Symposium | The Forgotten 40 Percent

Savings: The Poor Can Save, Too

By Bob Friedman Ying Shi Sarah Rosen Wartell

Tagged asset-building

When some people think about poor and low-income families, they often hastily conclude that these are financially irresponsible households that cannot or do not save. This view was unfortunately and wrongly reinforced by the housing collapse, when many low-income homeowners with subprime mortgages lost their homes.

But that assumption is wrong: Lower-income families can and do save. The foreclosure crisis was as much due to bad—predatory—lending and stagnant incomes as to inadequate saving. Indeed, getting low-income households to save following the terrible loss of wealth suffered by millions of Americans in the Great Recession will be essential to restoring our prosperity. While improving consumers’ buying power will always be an important progressive approach to sustainable growth, we also need to focus on savings as a foundation for household and national economic stability. Saving helps people avoid the hardships that prevent them from reaching their potential and limit their contributions to society. Moreover, broad-based asset policies can reduce debt, increase children’s well-being, and build potential down payments for homes and college tuition.

Years of rigorous research by experts at the Urban Institute and the Corporation for Enterprise Development (CFED), based on experiments and initiatives on the ground, as well as the work of other experts in the field, have shown that many low- and moderate-income families can save and accumulate assets. One 2011 Urban Institute study followed low-income, low-asset households to see whether such families can build savings. It found that, despite very low incomes, a substantial portion (44 percent) of these households accumulated enough to escape asset poverty after 12 years. That is, they accumulated enough “wealth-type resources” to sustain consumption for three months at the poverty line.

Other studies tell a similar story. One study of Individual Development Accounts—matched savings accounts for lower-income savers—found that, with an average match rate of nearly two-to-one, the typical participant accumulated almost $600 per year in savings. For participants averaging $18,000 in annual income, this is not a trivial amount. Several years ago, New York City launched a matched savings program called SaveNYC and found similar outcomes. Individuals saved an average of $561 over three years on a meager average income of $17,000. One participant said, “When I opened the SaveNYC account, I was able to save for the first time…. I hold back, deprive myself, so that I can get the computer for my son and other things.” These individuals show a willingness to save when presented with an opportunity—and many succeed.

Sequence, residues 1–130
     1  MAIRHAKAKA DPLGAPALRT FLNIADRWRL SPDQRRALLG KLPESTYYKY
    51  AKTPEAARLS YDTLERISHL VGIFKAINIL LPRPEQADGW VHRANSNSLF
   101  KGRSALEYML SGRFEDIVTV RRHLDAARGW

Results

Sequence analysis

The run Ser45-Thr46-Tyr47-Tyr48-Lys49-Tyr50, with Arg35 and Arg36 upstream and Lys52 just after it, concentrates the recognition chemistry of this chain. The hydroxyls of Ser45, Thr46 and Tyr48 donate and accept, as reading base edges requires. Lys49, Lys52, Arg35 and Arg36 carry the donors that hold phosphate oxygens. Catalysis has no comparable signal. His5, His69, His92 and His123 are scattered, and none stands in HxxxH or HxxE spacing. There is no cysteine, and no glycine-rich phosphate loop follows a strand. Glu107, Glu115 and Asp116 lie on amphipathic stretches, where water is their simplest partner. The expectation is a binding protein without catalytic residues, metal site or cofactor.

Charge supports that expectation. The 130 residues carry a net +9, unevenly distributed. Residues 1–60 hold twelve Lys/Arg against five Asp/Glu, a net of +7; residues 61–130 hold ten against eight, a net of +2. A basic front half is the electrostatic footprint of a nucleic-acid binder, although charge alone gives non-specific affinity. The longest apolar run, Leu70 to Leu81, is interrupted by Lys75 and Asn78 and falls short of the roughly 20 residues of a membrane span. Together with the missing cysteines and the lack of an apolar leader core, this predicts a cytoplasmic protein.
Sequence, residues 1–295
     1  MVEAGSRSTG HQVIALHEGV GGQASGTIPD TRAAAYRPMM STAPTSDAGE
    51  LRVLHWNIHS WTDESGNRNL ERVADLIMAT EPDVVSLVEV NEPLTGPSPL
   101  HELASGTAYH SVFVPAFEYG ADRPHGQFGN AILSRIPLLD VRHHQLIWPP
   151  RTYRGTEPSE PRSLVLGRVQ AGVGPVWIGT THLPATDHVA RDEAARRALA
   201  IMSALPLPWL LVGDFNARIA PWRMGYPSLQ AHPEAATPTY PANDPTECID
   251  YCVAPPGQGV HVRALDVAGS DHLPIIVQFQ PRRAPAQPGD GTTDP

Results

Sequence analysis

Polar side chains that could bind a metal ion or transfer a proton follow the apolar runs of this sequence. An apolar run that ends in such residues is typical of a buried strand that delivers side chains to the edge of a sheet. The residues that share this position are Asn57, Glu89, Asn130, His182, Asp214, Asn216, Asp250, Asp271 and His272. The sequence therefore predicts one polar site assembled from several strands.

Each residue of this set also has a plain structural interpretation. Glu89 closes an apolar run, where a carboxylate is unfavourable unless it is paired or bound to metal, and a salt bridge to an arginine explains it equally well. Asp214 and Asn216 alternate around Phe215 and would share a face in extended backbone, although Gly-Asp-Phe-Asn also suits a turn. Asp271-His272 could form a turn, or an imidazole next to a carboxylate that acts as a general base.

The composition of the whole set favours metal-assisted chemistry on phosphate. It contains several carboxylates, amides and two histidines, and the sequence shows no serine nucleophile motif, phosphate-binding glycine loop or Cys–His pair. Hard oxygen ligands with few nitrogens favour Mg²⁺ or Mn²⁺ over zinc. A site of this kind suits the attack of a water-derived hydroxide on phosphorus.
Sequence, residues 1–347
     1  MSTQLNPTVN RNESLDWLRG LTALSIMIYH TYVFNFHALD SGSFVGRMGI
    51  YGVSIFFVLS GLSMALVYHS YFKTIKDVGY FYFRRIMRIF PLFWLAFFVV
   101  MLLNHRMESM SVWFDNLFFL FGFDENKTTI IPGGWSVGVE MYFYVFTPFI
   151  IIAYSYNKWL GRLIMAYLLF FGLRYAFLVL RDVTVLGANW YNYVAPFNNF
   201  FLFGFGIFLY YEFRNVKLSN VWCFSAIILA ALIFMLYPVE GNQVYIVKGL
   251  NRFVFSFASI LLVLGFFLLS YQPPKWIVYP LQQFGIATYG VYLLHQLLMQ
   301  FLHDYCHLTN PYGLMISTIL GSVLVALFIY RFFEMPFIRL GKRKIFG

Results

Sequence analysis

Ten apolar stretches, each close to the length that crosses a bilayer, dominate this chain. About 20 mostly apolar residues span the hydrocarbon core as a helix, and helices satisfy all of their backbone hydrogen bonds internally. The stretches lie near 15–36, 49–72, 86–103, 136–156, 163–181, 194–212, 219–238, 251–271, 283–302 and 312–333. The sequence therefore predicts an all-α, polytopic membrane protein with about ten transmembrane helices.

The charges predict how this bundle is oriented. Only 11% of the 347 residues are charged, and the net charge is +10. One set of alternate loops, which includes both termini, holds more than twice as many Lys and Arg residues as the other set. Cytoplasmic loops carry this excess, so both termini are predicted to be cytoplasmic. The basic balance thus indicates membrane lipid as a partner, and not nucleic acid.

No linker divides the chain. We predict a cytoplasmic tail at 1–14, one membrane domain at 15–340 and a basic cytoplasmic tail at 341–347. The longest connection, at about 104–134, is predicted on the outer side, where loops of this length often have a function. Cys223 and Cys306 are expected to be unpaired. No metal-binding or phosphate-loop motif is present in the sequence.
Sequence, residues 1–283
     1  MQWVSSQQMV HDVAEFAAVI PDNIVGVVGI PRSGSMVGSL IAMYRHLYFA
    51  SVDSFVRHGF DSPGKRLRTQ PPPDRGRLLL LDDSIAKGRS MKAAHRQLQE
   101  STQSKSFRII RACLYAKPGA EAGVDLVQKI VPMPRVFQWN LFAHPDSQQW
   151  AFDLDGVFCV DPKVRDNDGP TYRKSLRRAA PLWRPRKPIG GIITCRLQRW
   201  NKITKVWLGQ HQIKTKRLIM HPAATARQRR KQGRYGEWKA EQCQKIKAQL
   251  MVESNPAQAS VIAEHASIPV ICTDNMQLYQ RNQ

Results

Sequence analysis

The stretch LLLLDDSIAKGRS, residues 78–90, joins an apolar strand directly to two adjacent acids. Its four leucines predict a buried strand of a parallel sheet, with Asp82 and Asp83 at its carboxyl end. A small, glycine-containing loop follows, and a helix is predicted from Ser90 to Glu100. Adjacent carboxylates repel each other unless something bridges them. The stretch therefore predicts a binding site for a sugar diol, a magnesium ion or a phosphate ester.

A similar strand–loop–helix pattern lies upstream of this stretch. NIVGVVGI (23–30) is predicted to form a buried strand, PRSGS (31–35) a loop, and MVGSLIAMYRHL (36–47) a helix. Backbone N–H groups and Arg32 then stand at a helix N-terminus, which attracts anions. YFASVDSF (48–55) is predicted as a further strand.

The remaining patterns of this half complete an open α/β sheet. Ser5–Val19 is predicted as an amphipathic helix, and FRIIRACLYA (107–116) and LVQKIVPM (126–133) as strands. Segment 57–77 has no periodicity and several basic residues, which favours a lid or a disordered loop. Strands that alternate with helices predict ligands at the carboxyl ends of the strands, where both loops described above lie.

If the literature shows that low- and moderate-income people are in fact capable of saving, the question then becomes: Should they do it? Considering their meager resources, should the poor really make an effort to set aside savings? The literature answers with a resounding yes.

First, assets help households weather material hardship. Low-income families are more likely to face difficulties after job loss, illness, death, or divorce. A recent study showed that adverse events are especially painful for families in the bottom third of the income distribution. After a job loss, almost half of these households experience hardship compared with 16 percent of households in the top third. Savings act as a crucial buffer: Low-income families with some liquid assets are significantly less likely than their asset-poor counterparts to experience deprivation during stressful events. In one study, access to $500 of credit had as much effect on easing hardship as multiplying a family’s income by a factor of three.

Savings and credit make a difference because income is more volatile for those hovering around the poverty line. Low-income families usually work in low-wage and temporary jobs, making them more susceptible to reduced hours and layoffs. Low-income families also have higher rates of unexpected home and auto repairs, and often lack insurance. The resulting month-to-month income instability leads to a higher incidence of hardship.

Second, savings can lower costs. Even small asset holdings can allow families to avoid high interest on credit cards. One study found that households with minimal liquid savings were substantially less likely than those with no savings to pay high fees to get their tax refunds a few days early.